3. Branding

Wearably Weird Etsy shop front, how to sell polymer clay earrings on Etsy

1st on the agenda is to pick a creative name, create a profile picture for Etsy and a banner for Etsy.

Grab a notebook and start mind mapping what you want your brand to be about; think about keywords that you like, keep writing them down and before you know it you’ll have come up with a brand name! This is one of the most exciting parts about setting up a shop, and it can make for a really fun and rewarding activity.

When I was trying to decide on a brand name I knew I wanted the word ‘weird’ in there, because I wanted to write about/make unusual fashion pieces.

I came up with ‘wearably’ because I found it more interesting than ‘wearable’ and it’s a made-up word, which feels fun and unique to me, and together ‘wearably weird’ tells the reader or customer that I’m talking about/making fashion.

So grab that notebook and start thinking!

The same principle goes for designing your logo, once you have your brand name.

Do you want your name to be reflected in the imagery of the logo, for example ‘Lion Designs’ to have a lion’s head as the feature piece? Do you want a super cool negative space logo, or a kitsch/cute design with pops of colour? What suits your brand best?

Once you’ve addressed these questions and sketched out your logo a great tip would be to use Inkscape, a free graphic designing program, to design your own (like mine pictured above), or a choose a great photograph of your stock. Then the same goes for your banner.

An Etsy banner should be eye-catching, and it should tell the customer immediately what your brand is about.

You can have a scrolling banner that showcases multiple items your stock, or a static image – have fun deciding what’s best for your shop!

Top tip: Etsy banner sizes should be 3360 x 840 pixels for optimal performance, and a minimum of 1200 x 300 pixels.

Etsy also has a great handbook with loads of advice for setting up your shop: read here

Another way to take your branding to the next level is to glow-up your packaging.

There are loads of ways to do this, but the quick and easy way to get started featuring your brand image on your packaging is to get stickers and earring cards printed with your logo on them for a relatively cheap price; there are plenty of small businesses on Etsy that offer this service: here

Another piece of advice I would offer is to look at brands that you love and analyse their packaging.

What do they do that stands out to you? Do they have funky business cards in their packaging? A personalised note to their customer? A freebie, like a sticker pack or a lollipop?

Once you’ve figured this out and noted down some ideas, start researching how to do this for yourself.

4. The photos

Wearably Weird the eggy earrings how to sell polymer clay earrings on Etsy
The eggy earrings

Make sure the photos of your stock are as HD as possible, taken in natural light and don’t over edit, you want the image and colours to be as true to real life as possible so the buyer has a good idea of what they are purchasing; this is rule no.1 of how to sell polymer clay earrings on Etsy.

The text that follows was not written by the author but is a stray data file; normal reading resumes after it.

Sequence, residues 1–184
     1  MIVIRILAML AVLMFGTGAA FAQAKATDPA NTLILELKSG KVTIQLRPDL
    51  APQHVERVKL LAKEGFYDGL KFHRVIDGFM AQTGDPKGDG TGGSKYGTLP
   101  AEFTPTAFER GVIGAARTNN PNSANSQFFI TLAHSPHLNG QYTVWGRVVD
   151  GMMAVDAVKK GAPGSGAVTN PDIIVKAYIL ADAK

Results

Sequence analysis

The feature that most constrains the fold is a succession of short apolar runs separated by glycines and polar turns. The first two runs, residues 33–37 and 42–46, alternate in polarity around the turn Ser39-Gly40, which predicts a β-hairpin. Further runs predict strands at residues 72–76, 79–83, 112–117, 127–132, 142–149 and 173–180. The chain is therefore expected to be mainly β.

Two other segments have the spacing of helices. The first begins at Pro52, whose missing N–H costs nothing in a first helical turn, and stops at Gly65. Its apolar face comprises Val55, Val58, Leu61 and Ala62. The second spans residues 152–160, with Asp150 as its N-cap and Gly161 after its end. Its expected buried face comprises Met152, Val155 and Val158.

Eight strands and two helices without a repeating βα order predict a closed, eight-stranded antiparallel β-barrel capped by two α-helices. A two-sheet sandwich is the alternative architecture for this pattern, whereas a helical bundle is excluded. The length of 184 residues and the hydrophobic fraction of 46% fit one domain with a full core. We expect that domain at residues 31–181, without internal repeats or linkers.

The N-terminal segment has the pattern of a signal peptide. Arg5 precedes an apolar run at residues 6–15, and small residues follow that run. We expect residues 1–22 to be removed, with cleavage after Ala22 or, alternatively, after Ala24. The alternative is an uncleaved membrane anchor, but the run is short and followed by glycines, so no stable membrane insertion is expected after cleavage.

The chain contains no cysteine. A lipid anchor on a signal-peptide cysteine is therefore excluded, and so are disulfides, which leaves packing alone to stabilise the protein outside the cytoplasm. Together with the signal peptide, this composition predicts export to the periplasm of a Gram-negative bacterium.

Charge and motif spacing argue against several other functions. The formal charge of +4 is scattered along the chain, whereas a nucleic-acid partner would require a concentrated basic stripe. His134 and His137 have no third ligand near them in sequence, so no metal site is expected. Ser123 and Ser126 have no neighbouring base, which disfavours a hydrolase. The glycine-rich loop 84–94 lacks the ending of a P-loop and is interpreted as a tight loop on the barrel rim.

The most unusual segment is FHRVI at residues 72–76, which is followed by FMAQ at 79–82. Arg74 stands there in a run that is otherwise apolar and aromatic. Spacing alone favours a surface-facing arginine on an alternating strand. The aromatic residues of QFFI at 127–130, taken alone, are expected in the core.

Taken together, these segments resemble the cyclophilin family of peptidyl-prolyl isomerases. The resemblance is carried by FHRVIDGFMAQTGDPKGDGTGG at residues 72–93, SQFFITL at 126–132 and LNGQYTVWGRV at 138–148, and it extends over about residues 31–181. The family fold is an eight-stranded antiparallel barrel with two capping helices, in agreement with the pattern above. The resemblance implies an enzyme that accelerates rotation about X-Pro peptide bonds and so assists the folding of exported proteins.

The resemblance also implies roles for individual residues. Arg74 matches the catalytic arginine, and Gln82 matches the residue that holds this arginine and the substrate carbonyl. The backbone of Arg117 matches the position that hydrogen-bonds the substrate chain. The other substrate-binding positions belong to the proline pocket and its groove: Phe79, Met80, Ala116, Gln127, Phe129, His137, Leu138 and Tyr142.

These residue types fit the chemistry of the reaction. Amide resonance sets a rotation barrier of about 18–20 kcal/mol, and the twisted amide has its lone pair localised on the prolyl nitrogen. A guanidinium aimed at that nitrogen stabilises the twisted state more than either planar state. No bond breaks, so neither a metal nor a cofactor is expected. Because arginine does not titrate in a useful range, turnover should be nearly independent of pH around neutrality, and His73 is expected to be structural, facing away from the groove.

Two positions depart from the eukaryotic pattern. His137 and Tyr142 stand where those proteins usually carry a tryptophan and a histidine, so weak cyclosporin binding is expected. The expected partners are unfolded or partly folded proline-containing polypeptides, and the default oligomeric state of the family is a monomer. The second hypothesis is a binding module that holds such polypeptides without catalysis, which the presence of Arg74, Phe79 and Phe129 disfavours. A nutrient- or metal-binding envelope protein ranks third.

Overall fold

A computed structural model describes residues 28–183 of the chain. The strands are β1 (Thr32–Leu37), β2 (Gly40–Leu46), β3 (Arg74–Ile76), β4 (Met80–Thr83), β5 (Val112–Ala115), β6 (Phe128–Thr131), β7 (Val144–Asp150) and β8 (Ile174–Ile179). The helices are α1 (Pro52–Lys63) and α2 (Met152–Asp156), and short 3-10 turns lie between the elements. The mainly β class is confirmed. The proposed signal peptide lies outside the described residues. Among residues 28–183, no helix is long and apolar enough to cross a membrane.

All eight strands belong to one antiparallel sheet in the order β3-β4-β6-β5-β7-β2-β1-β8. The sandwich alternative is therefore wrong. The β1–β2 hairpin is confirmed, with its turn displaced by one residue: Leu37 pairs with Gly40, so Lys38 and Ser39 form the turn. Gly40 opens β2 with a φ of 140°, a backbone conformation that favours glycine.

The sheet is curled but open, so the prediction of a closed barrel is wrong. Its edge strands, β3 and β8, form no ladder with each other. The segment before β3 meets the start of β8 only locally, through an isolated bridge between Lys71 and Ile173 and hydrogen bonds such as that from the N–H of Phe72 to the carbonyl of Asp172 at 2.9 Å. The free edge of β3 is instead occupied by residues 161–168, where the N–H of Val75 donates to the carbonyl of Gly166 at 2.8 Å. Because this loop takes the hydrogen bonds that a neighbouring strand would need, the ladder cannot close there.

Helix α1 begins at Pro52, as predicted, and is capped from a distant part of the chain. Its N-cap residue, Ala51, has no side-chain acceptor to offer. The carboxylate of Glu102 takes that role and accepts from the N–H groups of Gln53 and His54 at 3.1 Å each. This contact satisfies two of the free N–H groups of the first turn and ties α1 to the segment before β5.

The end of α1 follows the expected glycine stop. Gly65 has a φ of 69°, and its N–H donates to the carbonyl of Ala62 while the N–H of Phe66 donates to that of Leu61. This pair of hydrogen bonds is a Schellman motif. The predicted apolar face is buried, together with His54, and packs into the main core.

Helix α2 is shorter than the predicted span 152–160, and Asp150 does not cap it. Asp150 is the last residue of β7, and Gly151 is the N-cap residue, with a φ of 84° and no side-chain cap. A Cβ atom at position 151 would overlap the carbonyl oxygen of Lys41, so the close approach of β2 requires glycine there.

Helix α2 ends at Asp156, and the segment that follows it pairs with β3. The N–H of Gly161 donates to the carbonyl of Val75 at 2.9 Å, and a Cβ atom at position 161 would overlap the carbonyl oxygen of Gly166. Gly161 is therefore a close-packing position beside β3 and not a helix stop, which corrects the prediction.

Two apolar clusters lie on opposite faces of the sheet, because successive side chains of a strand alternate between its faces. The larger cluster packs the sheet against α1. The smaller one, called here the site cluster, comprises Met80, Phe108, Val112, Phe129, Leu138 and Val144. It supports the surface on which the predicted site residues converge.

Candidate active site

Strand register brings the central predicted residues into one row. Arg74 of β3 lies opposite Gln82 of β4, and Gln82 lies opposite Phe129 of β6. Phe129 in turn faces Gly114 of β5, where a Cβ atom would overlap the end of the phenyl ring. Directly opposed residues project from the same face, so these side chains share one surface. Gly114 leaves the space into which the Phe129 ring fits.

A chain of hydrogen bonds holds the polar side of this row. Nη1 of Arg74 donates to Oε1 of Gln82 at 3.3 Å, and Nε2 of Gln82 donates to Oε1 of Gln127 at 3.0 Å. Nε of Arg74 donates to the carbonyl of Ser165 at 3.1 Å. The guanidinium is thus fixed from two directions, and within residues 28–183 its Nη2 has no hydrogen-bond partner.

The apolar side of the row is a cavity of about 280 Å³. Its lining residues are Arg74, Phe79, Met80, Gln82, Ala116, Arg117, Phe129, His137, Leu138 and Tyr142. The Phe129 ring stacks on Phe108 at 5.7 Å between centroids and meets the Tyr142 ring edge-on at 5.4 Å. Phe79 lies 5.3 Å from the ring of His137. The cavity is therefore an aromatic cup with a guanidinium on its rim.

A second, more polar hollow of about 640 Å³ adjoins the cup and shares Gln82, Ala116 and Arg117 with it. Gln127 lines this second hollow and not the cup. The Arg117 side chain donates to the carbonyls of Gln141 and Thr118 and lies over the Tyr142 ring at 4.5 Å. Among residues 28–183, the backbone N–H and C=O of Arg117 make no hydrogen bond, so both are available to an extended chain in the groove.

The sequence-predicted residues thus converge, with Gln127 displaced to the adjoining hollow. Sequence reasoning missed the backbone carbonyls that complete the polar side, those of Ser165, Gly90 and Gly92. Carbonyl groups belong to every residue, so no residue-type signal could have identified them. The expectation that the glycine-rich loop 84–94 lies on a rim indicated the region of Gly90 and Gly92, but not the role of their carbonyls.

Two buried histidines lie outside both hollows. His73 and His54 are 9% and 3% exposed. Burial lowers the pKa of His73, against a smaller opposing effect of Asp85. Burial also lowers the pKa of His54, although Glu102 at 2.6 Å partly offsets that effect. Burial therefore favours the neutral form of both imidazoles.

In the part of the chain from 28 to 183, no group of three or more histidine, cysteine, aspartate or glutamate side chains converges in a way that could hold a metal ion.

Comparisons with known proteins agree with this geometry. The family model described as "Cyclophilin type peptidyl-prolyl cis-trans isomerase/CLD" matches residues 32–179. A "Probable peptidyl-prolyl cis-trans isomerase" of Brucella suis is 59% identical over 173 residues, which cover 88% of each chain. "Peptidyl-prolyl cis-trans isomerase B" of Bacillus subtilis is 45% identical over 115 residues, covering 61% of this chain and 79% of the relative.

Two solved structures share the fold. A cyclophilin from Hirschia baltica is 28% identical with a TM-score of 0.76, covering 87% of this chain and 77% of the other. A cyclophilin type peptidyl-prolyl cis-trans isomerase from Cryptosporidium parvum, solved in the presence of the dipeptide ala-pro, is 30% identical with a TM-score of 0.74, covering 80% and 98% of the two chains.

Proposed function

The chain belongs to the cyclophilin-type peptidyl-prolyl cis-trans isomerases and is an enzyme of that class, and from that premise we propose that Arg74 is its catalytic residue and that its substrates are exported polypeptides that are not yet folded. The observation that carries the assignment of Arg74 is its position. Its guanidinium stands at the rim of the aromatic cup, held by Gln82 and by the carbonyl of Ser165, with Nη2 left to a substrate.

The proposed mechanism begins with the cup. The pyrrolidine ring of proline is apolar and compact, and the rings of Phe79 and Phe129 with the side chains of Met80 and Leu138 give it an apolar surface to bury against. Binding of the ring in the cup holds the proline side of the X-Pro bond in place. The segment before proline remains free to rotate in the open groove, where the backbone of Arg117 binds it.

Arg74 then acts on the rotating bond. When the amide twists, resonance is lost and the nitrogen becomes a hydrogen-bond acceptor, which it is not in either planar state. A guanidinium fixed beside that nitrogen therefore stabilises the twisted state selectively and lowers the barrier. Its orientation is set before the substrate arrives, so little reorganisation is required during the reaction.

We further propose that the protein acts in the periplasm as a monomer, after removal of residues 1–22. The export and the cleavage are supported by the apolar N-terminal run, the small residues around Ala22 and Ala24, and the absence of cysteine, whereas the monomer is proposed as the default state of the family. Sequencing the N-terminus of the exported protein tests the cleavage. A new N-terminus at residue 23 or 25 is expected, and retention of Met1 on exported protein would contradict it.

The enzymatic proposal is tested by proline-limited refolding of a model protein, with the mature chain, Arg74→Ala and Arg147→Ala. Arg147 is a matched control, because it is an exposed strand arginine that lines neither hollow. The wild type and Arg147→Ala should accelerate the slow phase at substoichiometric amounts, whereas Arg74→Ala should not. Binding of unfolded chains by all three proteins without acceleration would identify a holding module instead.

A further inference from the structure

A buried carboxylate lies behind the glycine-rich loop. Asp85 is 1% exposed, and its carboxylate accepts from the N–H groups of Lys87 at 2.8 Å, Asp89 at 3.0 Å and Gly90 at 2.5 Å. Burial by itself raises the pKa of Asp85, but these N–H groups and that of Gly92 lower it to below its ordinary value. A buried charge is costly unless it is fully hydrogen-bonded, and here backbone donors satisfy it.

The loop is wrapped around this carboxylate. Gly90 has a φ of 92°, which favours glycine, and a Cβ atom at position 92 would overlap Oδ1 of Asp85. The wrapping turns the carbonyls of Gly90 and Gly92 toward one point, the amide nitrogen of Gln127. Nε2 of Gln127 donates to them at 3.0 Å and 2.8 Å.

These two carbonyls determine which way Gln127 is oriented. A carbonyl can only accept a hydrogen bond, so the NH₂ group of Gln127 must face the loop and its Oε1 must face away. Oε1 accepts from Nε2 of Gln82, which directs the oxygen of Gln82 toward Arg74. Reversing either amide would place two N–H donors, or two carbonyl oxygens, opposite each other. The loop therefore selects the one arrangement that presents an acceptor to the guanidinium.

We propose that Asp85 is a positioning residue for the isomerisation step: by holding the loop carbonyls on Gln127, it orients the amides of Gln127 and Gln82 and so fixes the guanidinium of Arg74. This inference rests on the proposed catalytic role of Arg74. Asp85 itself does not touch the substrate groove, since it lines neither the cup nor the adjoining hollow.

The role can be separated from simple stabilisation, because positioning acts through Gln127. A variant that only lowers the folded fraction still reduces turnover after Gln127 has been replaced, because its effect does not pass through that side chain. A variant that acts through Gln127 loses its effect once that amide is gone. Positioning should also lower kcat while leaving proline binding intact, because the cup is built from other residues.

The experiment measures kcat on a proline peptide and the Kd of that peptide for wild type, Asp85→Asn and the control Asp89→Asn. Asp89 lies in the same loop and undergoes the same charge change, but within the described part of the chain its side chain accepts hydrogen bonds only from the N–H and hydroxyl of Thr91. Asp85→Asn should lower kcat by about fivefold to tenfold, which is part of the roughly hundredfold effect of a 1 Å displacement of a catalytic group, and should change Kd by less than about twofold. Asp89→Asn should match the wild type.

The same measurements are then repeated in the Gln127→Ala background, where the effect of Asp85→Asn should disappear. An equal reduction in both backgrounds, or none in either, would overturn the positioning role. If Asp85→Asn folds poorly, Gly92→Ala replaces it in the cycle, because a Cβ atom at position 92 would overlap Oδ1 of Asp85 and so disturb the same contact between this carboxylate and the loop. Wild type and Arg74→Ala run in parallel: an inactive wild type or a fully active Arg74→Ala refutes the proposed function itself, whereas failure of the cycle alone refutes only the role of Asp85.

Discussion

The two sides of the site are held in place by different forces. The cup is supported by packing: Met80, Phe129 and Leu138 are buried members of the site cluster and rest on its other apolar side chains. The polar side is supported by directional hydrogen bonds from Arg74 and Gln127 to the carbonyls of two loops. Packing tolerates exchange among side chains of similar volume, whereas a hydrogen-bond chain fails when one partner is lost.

Take several, from all angles and for best results put a small object (like a coin or ruler) in for scale.

Get creative and make your photos stand out to buyers.

If there is a way you can hook their attention and get them to click on your listing, you’re one step closer to making a sale.

Pictured above is how I decided to market my EGGY earrings – with real fried eggs! The image proved really popular on Instagram too.

This worked so well because it’s weird, eye-catching and on-brand for me.

Keep that in mind for your own brand; if your brand is magical, add glitter and props. If your brand is nature-focussed, use flowers or foliage in your pictures – hang your earrings on a bouquet of lavender, etc.

Top tip: in the words of Dr. Seuss, ‘You have to be odd to be number 1.’

Keep pushing yourself to be creative – do something different, do more, do you!

Stay ahead of the competition by learning to think outside of the box and keep asking yourself the question, how can I make this better?

5. Stock and launch your shop!

Etsy listing button

It’s super easy to stock your Etsy shop via the shop manager page. Click the plus button to add listings and follow the steps as you go- easy as 1, 2, 3!

When all of your products are listed tell your friends, family and followers on social media – don’t be shy! Post to your Instagram feed and story, you can even promote your posts for extra visibility if you set your account to a business account.

Thanks for reading my quick guide on how to sell polymer clay earrings on Etsy! You should now be equipped with some fun ideas and concrete first steps to opening your own Etsy shop.

Good luck!

Related questions

Is polymer clay safe?

Polymer clay is non-toxic, making it safe to use around children and pets, as it has been tested and certified. Polymer Clay only becomes toxic when baked at extremely high temperatures, for prolonged periods of time. If baked according to the packaging instructions, it’s perfectly safe.

Can Polymer Clay Air Dry?

Polymer Clay cannot air dry, it needs to be oven baked at the correct temperature for the brand you are using; instructions are found on the packaging of each clay block. Oven baking allows the clay to sufficiently cure (harden) which cannot be achieved at room temperature with air drying.

Can Polymer Clay Dry Out?

Polymer will not dry out at room temperature. Polymer clay requires oven baking in order to properly dry and harden, at the temperature suggested on the packaging of each individual brand, and so will not dry out in a normal room, in normal conditions.

Can Polymer Clay get wet?

Both baked and unbaked polymer clay is waterproof as the material is oil based (made with plastics), so it cannot get wet.


I hope you found this guide to ‘sell polymer clay earrings on Etsy‘ useful, and you now feel confident to proceed on the next step of your small business journey, no matter what stage you are already at. Starting a small business is a rewarding and exciting thing to do, and there’s no time like the present. Polymer clay is so easy to use, and extends as far as your imagination does – what’s holding you back? Dive in and make some income on Etsy – sell polymer clay earrings on Esty!

It’s my goal to make the world of polymer clay earrings as easy and accessible as possible for everyone who wants to get started in this fun and versatile craft. Thanks for sticking around and happy crafting!

More from Wearably Weird: